Mr. McKEEVER. It would not. The only way the list would operate would be this: If I called up the office of the association and asked about John Doe, tenant, and they found him on the list, they would tell me that he was listed as a tenant of Mr. Snow's. I could then call Mr. Snow and ask for references, as to whether that tenant paid his rent, and ask Mr. Snow any other question that I wanted to ask.

The CHAIRMAN. I understood you had this list, but I also understood that any person who applied to the Rent Commission was discriminated against, notwithstanding the fact he may have been a tenant who took excellent care of the property and in every other way was a first-class tenant. In other words, the mere fact that he made application to the Rent Commission for relief from what he considered to be an unreasonable rent caused his name to be placed on that list and made it very difficult for him to get an apartment.

Mr. McKEEVER. I think your information is in error. The Department of Justice went over our files thoroughly and you can inquire of them as to whether or not that is the situation. I think they will be able to tell you that it is not, and I can tell you that it is not the situation.

The CHAIRMAN. Now, if there are no further property owners, we will allow Mrs. Brown to make a statement in her own behalf.

Representative STALKER. I would like to ask Mr. Low a question.


per cent?

Representative STALKER. As I understood you, you said that on your properties you were making to-day a net return of less than 1

Mr. Low. I said that in connection with the Clifton Terrace appartments that, on the basis of the valuation as fixed, the return on the gross rent schedule would show less than 1 per cent net.

Representative STALKER. That would not apply to your other buildings, then?

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Mr. Low. No, sir.

Representative STALKER. About what gross would you receive on Clifton Terrace?

Mr. Low. Well, now, I am somewhat of an accountant, but when you begin to use terms like “gross” and “net," we might not be on the same ground.

Representative STALKER. That might complicate the situation at any rate, because it depends on the service that you might render.

Representative HAMMER. And it depends on the salaries you might par.

Mr. Low. We do not figure any salaries for ourselves whatsoever.

Representative STALKER. The question that naturally came to my mind was, if you are making less than 1 per cent to-day, and if the Rent Commission were abolished and competition met, could you increase the rent so as to make 8 per cent?

Mr. Low. I hate to be so pessimistic about the real-estate business, but I can not see, from conditions in Washington, how it would be possible to get such a return. The fact is that this city at least and I personally think most cities are in the same predicamentcan not give a proper return on the true values of property to-day as gauged by present costs.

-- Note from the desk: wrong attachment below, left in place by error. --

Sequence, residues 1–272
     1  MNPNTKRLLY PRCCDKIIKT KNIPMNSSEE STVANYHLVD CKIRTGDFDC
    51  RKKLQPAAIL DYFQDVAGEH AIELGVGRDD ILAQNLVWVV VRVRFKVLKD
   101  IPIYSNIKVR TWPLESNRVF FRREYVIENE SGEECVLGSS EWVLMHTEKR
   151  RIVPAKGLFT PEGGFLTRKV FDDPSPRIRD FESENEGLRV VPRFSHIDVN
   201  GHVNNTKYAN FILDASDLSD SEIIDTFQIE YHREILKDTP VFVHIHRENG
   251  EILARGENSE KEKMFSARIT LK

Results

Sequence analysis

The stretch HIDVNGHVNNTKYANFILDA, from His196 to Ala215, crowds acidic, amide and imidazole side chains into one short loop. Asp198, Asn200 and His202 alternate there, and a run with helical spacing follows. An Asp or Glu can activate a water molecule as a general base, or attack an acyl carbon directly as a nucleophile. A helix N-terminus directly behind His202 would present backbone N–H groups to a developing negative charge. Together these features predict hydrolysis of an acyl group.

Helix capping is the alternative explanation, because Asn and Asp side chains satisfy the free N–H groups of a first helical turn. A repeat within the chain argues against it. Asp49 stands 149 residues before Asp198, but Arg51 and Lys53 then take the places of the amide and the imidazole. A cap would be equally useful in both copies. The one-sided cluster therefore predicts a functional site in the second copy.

Representative STALKER. You figure that true value to-day is the replacement value?

Mr. Low. Replacement value, minus depreciation. Representative HAMMER. You are making 8 per cent on the cost of your buildings or more, are you not?

Mr. Low. That is a rather hard question to answer, for this reason

Representative HAMMER (interposing). You hestitated awhile ago and did not answer.

Mr. Low. On the same question?
Representative HAMMER. Yes.

Mr. Low. I did not get it, then. I am sorry. If I hesitate it is because I am not very fast at answering questions generally. We have not run the building quite long enough to tell

. You have to run a building a certain length of time to be able to gauge what you can hope to get out of it. For instance, we have not as yet come into the summer season, where ordinarily apartment houses have to take considerable of a licking, so to speak; so we can not tell just what the results will be. We will have difficulty making that figure.

Representative HAMMER. You bought this from Stubblefield. Do you know Stubblefield?

Mr. Low. I know him; I have seen him. Representative HAMMER. There were seven or eight trusts on it when you got it. Felix Lake had something to do with it.

Mr. Low. That statement about seven or eight trusts I can not blame you for repeating.

Representative HAMMER. I have seen the record.
Mr. Low. What record ?

Representative HAMMER. In the register of deed's office in the District of Columbia.

Mr. Low. I know the history of the building throughout. There was never a time when there were seven or eight trusts on that building.

Representative HAMMER. There have been that many in all. There probably have been some paid off and canceled. I have had that verified myself to corroborate a report I had seen on that. That is one thing I had verified.

Mr. Low. Do I understand that at one time

Representative HAMMER (interposing). That is the building that Felix Lake and Stubblefield had. Stubblefield went to Florida when we sent for him to come up here, and Felix Lake did not come at all. There has not been any man who held a mortgage who erer came to any committee to explain why it is that these costs had pyramided. It originally cost $508,000.